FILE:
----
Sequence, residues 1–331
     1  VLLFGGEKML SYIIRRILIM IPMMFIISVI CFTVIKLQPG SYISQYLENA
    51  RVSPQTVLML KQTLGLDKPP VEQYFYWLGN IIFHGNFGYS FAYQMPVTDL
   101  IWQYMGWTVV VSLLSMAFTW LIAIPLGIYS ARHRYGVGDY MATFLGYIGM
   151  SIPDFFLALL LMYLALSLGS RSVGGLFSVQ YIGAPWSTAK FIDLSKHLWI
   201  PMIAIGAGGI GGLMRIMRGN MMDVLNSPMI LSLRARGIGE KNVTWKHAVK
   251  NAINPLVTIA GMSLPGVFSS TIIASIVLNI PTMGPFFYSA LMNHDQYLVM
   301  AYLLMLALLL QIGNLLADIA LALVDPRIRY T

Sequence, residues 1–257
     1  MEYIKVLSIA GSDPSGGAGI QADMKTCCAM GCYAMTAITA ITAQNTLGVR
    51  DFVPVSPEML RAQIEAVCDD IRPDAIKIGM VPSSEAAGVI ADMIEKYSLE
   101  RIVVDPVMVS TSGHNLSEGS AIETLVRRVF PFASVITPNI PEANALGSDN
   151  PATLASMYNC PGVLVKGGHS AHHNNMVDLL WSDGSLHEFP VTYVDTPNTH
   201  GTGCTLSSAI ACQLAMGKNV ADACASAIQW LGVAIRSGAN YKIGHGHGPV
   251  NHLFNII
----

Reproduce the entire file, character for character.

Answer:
Sequence, residues 1–331
     1  VLLFGGEKML SYIIRRILIM IPMMFIISVI CFTVIKLQPG SYISQYLENA
    51  RVSPQTVLML KQTLGLDKPP VEQYFYWLGN IIFHGNFGYS FAYQMPVTDL
   101  IWQYMGWTVV VSLLSMAFTW LIAIPLGIYS ARHRYGVGDY MATFLGYIGM
   151  SIPDFFLALL LMYLALSLGS RSVGGLFSVQ YIGAPWSTAK FIDLSKHLWI
   201  PMIAIGAGGI GGLMRIMRGN MMDVLNSPMI LSLRARGIGE KNVTWKHAVK
   251  NAINPLVTIA GMSLPGVFSS TIIASIVLNI PTMGPFFYSA LMNHDQYLVM
   301  AYLLMLALLL QIGNLLADIA LALVDPRIRY T

Sequence, residues 1–257
     1  MEYIKVLSIA GSDPSGGAGI QADMKTCCAM GCYAMTAITA ITAQNTLGVR
    51  DFVPVSPEML RAQIEAVCDD IRPDAIKIGM VPSSEAAGVI ADMIEKYSLE
   101  RIVVDPVMVS TSGHNLSEGS AIETLVRRVF PFASVITPNI PEANALGSDN
   151  PATLASMYNC PGVLVKGGHS AHHNNMVDLL WSDGSLHEFP VTYVDTPNTH
   201  GTGCTLSSAI ACQLAMGKNV ADACASAIQW LGVAIRSGAN YKIGHGHGPV
   251  NHLFNII